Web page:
Welcome to part 4 of the series How to Easily Manage Your Home!
In this post, we will be switching gears a little bit.
Previously in our series, we have focused mainly on Daily Routines:
- In part one, we talked about How to Create Your Daily Block Schedule
- In part two we talked about Tackling the Two Biggest Time-Suckers for Busy Moms.
- In part three we talked about setting up morning and evening routines for moms and kids.
The reason we wanted to start with the daily routines is that the weekly routines tend to change from day to day. So we want to make sure that we have a solid foundation for the daily habits before we move onto the more flexible rhythms.
(Remember to grab that Easy Home Management Checklist if you want to follow along and make sure you are setting up every routine along with me!)
But now that we have those systems under our belt, we are ready to start talking about the week as a whole.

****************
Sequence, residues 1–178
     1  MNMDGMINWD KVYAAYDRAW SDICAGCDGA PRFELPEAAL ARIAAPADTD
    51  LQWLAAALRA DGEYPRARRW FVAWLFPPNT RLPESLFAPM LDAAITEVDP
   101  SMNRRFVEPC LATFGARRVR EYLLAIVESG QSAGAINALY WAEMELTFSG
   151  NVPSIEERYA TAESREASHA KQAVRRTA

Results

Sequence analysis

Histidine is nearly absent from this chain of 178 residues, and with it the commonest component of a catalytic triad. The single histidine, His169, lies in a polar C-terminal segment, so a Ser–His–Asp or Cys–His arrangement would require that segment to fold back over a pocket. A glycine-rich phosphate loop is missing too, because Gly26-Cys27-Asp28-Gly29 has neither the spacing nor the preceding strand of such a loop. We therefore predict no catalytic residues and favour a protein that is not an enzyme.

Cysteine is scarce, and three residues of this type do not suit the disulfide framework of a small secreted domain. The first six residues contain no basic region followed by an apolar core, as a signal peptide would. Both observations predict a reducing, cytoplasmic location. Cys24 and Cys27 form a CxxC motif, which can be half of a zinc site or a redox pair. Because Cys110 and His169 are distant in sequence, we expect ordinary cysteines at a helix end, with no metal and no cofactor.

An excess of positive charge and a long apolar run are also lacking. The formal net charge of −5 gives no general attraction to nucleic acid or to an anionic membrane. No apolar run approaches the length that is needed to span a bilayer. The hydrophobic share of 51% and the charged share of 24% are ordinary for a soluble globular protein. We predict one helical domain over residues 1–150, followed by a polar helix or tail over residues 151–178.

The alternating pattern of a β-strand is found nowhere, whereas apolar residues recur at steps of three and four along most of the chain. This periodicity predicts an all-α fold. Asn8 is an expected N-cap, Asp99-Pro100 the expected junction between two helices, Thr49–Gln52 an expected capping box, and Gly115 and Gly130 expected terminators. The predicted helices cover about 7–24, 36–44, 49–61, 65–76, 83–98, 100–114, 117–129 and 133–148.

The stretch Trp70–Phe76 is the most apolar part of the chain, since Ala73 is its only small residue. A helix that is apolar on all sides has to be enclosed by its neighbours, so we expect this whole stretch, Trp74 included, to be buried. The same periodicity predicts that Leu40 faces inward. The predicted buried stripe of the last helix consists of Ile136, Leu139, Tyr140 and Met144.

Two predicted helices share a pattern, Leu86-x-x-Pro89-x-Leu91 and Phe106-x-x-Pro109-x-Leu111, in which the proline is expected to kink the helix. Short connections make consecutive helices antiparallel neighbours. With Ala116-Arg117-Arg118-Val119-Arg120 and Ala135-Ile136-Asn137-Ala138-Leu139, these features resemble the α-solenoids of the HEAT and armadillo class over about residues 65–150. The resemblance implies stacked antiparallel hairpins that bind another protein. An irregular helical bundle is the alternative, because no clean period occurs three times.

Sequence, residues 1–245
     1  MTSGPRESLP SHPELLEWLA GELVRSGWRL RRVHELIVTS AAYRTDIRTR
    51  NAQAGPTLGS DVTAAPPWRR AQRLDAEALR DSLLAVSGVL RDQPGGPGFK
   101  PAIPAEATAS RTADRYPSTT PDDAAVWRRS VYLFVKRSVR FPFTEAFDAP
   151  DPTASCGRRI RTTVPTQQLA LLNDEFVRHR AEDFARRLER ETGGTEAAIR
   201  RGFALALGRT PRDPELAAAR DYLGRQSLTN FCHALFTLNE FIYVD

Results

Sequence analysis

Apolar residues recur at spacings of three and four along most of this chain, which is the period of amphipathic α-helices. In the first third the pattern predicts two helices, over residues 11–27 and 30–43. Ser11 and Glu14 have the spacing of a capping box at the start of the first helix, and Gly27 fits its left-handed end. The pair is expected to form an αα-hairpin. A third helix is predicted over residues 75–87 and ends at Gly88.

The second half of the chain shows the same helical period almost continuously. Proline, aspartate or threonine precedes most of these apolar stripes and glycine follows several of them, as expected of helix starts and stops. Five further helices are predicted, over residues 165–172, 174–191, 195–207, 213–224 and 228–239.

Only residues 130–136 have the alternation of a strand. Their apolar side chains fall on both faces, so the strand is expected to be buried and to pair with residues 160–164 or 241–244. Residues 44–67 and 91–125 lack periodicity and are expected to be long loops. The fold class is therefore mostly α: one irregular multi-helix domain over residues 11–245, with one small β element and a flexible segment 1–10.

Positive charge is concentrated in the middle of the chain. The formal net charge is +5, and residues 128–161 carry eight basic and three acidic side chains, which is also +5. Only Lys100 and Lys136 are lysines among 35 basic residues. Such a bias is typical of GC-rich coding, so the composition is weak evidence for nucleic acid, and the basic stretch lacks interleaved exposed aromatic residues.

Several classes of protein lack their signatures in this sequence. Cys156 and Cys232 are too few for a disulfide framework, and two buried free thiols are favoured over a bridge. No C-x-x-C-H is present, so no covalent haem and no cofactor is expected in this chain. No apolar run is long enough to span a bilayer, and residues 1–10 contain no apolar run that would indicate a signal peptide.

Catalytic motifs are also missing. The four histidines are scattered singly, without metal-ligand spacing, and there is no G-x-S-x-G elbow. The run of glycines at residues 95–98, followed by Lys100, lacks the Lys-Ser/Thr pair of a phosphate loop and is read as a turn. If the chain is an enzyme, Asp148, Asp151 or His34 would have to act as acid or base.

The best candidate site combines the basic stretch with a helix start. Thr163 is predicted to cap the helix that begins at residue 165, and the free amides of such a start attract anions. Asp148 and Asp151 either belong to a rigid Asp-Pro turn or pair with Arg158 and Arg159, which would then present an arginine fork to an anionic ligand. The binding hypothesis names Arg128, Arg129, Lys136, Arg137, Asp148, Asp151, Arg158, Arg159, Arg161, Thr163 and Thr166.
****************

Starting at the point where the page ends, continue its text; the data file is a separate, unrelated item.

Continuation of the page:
This post will be focusing on creating your weekly routine, or schedule, or rhythm, or any other name you want to give it!
No matter what you call it though, the basic goal of our weekly rhythm will be to provide some structure to our week and keep us from overwhelming our kids with busy schedules.
Let’s get started:
1) Grab Your Tools
If you want to create your routine along with me, grab your pen and notebook so we can get started.
And if you are using the same templates that I am using, grab your Autopilot Workbook.
If you are creating your own template, you’ll want to turn your notebook or piece of paper horizontally. And your template should look something like this:
2) Write the Days of the Week
Just like the sample shows you above, go ahead and write the days of the week across the top of your template.
3) Write the Names of the Blocks
If you are using the Autopilot Workbook, fill in the names of the blocks in the coral ovals on the left-hand side of the template.
If you are creating your own, you can just write the block names to the left of your columns.
4) Decide on Simple Days and Busy Days